The best fit with a private foundation was the Solow Art and Architecture Fund, which has a strong interest in History and Historic Preservation. The Solow Foundation gives several million dollars every year (almost $2 million in giving, but over $4 million distributed…?), and their interest in history, archaeology, and preservation would fit beautifully with the subject matter of this project.

The B. and R. Knapp Foundation focuses more on operating funds than projects, but they support both history and preservation/archaelogy. While they are interested in Jewish History and Culture, the match seems strong enough, along with their giving history that they are worth approaching.

Expanding the search, there are several organizations interested in History in the New York area, including the Hohmann Foundation, which has a history of funding Museums and History, along with Botanical Gardens and Protestant Churches, which combine many elements related to the Burying Ground. They give over a quarter of a million dollars every year and they accept applications, although their giving is primarily based in New York City. Similarly, the Frederick and Sharon Klingenstein Fund works mostly with museums, community, and history, but their geographic focus is New York City. They are worth approaching, and they accept applications. The give almost half a million dollars every year, and their strong interest in history, museums, and art makes them more likely.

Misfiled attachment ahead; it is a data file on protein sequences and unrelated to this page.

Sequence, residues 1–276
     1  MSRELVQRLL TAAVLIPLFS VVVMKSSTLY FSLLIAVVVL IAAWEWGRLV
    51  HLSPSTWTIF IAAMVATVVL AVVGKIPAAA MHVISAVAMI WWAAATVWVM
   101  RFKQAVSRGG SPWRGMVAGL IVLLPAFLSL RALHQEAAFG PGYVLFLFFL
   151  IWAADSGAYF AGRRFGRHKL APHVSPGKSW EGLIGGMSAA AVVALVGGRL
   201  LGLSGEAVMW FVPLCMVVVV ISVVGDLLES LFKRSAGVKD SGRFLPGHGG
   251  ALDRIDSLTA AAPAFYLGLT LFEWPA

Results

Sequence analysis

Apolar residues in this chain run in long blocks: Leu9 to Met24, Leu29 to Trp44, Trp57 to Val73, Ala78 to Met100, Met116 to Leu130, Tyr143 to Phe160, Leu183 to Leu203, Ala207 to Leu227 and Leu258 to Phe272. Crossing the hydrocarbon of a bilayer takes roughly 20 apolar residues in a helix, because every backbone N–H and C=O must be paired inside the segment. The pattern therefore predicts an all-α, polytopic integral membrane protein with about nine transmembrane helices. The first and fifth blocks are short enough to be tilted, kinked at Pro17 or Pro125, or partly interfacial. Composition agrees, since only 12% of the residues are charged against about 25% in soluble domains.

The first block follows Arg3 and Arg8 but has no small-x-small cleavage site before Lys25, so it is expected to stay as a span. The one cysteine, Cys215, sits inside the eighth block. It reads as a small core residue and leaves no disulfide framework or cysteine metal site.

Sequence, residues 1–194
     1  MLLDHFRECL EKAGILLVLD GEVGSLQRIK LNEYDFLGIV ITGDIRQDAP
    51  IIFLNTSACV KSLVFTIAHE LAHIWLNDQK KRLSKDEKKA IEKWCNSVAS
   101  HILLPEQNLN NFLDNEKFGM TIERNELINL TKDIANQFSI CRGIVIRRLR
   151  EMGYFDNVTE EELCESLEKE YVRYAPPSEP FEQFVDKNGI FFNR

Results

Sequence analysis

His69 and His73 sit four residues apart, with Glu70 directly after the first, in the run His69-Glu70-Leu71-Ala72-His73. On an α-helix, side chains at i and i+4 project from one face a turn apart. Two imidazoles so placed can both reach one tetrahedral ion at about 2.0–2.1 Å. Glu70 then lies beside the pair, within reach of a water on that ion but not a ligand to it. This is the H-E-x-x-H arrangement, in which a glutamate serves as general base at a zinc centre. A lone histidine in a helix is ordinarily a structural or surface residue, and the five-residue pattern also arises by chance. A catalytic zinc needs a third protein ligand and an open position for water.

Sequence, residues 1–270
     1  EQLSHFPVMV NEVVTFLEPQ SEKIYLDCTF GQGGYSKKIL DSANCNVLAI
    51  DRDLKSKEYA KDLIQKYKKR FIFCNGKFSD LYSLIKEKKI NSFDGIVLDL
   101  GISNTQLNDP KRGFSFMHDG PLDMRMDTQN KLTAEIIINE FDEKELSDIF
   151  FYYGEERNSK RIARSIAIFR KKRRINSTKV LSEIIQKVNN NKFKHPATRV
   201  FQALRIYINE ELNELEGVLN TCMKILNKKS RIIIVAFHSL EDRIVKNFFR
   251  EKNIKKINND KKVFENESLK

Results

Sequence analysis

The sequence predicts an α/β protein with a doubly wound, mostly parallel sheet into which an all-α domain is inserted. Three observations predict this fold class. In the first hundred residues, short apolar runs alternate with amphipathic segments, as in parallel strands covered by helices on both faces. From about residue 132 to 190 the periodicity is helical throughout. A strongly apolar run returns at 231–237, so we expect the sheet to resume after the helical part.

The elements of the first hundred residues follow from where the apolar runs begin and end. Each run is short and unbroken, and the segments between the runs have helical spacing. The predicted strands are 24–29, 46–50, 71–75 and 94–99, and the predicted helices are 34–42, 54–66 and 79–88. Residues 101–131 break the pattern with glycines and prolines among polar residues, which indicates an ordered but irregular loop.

The Betts Foundation is also worth approaching, since they focus on a variety of connected organizations like museums, libraries, history, and parks/recreation, and they are interested in Connecticut and New York, making Long Island more likely to merit their attention than the Hohmann Foundation.

Despite their focus on Jewish History, the Lucius N. Littauer Foundation seems to have supported several library and museum projects, and they want applications with clear timelines and similar details to the NEH-style. They also have an interest in preservation and archaeology, along with history, which makes them a better candidate.

A questionable but still good candidate to approach is based in New Jersey, the Jean and Charles Segal Foundation, which is interested in Museums, History, and Community Development, which are deeply linked to this project. They give about $36,000 every year, but the interests seem to fit very well, but both the Segal Foundation and the Long Island based Slade Foundation, have a strong interest in Jewish History, which does not have a strong match to this project. However, the Segal Foundation has given funding to organizations that have little or nothing to do with Jewish History, like a county Mental Health Association.